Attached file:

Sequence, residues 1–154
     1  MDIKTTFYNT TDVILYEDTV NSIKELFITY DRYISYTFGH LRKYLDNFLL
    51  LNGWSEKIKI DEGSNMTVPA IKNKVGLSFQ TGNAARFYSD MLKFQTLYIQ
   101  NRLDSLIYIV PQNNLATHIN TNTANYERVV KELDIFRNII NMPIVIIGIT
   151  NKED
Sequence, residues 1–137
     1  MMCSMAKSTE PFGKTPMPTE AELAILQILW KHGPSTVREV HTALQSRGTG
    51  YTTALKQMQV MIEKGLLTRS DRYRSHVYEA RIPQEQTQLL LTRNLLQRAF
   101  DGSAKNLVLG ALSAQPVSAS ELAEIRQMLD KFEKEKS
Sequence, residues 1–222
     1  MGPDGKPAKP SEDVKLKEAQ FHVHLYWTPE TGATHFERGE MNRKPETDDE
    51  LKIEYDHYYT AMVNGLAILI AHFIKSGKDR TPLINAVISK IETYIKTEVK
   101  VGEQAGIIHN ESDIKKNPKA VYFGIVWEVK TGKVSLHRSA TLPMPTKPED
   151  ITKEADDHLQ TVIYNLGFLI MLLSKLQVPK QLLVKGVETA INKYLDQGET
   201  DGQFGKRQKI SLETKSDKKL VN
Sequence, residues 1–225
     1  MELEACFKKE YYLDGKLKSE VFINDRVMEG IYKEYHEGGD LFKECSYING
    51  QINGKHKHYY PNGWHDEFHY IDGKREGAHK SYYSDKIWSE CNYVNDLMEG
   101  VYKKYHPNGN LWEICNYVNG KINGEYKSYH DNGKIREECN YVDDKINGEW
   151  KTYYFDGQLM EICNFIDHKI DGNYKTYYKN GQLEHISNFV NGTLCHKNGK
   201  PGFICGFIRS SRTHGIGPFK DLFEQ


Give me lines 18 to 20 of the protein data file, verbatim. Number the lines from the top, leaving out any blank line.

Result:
    51  QINGKHKHYY PNGWHDEFHY IDGKREGAHK SYYSDKIWSE CNYVNDLMEG
   101  VYKKYHPNGN LWEICNYVNG KINGEYKSYH DNGKIREECN YVDDKINGEW
   151  KTYYFDGQLM EICNFIDHKI DGNYKTYYKN GQLEHISNFV NGTLCHKNGK